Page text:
Saved the equivalent to the amount of residential energy used by 363 homes per year and cut out over 4 million pounds of greenhouse gas emissions – equivalent to the amount released annually by 379 cars.

To date, Citigroup’s environmental savings continue to grow.

While most of the companies in the express delivery industry had made significant efforts to manage risk in the 1990s, UPS paid very little attention to advancing superior environmental performance to gain a competitive edge.

But in 1998, that changed – largely as a result of EDF’s intervention.

The packaging action plan announced in November 1998 cut across the spectrum of UPS’s express packaging. Together, the new packaging improvements along with the reusable envelope, reduced air pollution by almost 50 percent, cut wastewater discharge by more than 15 percent and used 12 percent less energy than previous UPS packaging. In addition, the initiatives saved the company more than $1 million annually.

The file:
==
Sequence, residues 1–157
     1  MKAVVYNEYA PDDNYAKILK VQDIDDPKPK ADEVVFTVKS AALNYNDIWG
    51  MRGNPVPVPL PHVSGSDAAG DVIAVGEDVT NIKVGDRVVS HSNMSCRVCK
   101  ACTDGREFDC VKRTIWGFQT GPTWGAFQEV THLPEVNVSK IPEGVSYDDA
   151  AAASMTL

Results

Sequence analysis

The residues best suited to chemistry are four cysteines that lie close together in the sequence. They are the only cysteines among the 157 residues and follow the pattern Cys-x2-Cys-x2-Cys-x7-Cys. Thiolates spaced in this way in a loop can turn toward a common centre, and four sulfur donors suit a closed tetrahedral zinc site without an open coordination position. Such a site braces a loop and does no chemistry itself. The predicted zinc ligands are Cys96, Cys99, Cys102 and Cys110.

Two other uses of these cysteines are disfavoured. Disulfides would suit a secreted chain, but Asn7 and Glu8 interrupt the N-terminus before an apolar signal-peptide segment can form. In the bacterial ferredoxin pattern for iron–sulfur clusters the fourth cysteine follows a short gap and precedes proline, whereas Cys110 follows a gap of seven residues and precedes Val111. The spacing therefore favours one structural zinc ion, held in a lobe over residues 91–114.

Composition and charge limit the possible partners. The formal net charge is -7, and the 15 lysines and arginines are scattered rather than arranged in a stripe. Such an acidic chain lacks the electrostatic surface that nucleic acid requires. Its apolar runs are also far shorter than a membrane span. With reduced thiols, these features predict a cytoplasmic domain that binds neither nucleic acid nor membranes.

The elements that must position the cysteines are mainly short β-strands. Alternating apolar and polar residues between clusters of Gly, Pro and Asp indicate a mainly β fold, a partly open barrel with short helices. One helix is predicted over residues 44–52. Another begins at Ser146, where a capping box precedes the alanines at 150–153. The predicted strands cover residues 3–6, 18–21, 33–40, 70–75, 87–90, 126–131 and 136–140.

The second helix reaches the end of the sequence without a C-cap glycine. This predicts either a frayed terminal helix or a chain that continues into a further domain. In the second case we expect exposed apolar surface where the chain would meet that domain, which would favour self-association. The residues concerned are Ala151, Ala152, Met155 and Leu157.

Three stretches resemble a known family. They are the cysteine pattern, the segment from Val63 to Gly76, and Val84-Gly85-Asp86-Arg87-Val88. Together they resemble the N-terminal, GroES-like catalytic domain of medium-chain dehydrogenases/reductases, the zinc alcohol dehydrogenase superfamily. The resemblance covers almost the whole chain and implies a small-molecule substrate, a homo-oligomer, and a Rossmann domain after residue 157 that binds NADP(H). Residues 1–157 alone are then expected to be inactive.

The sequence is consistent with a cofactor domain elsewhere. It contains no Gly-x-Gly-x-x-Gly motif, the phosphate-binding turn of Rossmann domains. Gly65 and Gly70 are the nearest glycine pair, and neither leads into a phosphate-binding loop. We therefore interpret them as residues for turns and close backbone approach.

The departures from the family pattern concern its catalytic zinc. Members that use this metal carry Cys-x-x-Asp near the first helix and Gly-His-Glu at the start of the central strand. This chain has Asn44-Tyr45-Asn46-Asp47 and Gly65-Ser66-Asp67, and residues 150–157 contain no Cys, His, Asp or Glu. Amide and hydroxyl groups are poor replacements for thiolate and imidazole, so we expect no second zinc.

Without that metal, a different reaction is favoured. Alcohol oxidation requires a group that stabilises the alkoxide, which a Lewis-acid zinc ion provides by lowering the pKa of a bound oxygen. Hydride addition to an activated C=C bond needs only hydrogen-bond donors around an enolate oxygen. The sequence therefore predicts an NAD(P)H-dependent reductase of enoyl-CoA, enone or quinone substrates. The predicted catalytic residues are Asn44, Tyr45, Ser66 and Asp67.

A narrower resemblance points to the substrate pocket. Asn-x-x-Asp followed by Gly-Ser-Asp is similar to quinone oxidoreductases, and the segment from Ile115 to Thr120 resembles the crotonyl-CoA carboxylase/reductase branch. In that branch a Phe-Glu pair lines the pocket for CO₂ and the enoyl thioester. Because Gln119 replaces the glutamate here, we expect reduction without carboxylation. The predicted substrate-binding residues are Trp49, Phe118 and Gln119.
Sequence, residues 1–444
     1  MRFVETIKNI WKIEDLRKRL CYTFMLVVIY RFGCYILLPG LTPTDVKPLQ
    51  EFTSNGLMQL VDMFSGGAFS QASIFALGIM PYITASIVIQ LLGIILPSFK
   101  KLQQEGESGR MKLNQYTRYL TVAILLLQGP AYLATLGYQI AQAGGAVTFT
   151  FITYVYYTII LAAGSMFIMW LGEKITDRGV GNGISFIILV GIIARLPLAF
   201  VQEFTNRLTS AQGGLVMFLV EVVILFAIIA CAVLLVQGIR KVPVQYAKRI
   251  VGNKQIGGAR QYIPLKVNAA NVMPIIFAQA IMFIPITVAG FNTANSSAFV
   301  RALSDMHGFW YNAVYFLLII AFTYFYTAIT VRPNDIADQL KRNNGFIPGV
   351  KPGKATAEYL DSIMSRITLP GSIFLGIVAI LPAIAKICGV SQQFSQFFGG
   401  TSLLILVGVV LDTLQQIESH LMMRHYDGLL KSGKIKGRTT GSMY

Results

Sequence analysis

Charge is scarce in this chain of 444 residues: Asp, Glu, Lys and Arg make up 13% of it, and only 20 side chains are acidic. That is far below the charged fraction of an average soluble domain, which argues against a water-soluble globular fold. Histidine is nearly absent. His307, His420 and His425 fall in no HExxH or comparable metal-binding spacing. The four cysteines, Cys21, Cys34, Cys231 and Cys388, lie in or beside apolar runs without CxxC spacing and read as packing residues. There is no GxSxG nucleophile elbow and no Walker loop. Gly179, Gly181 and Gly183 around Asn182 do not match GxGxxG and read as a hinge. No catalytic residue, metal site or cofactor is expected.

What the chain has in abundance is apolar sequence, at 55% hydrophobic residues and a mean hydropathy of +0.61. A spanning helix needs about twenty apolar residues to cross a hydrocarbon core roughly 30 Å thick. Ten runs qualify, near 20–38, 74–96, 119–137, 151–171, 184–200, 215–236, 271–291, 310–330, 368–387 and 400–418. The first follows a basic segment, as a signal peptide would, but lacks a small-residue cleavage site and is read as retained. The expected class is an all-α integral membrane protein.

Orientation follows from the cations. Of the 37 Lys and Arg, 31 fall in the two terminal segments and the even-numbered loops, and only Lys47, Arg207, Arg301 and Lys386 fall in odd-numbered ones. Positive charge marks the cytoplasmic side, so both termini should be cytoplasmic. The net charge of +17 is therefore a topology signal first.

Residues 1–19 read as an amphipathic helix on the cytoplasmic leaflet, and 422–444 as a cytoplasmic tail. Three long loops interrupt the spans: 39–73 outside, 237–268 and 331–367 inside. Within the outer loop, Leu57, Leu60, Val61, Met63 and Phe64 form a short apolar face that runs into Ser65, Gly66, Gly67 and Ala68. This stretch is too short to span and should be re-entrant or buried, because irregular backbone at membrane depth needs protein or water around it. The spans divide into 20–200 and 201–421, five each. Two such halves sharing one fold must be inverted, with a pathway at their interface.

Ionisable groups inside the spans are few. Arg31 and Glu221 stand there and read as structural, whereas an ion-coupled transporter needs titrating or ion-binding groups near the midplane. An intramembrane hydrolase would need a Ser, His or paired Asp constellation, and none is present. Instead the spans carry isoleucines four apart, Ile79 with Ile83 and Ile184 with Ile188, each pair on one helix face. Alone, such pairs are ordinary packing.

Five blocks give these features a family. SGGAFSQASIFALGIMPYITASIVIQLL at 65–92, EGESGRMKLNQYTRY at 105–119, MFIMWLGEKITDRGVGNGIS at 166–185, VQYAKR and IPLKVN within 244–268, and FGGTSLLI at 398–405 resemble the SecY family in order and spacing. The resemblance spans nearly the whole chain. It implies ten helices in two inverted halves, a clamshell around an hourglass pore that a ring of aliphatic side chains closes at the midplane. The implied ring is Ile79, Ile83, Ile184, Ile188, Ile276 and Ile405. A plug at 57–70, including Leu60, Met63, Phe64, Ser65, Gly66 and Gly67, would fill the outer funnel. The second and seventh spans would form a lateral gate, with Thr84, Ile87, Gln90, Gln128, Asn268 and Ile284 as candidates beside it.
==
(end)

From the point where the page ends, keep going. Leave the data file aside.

What worked: Stimulating competitors to action
Once UPS jumped on board, overnight shipping companies spurred to make some notable improvements to their packaging.

In October of 1999, FedEx announced that it switched all of its bleached virgin paper envelopes to 100% recycled, minimum 35% post-consumer content paper. This change, which affected hundreds of millions of envelopes a year, saved almost 12,000 tons of trees annually.

Where are they now?
From UPS‘ latest Sustainability Report, UPS purchased 35,800 tons of materials with recycled content. These purchases have the equivalent energy savings of removing 6,618 passenger cars from the road for a year.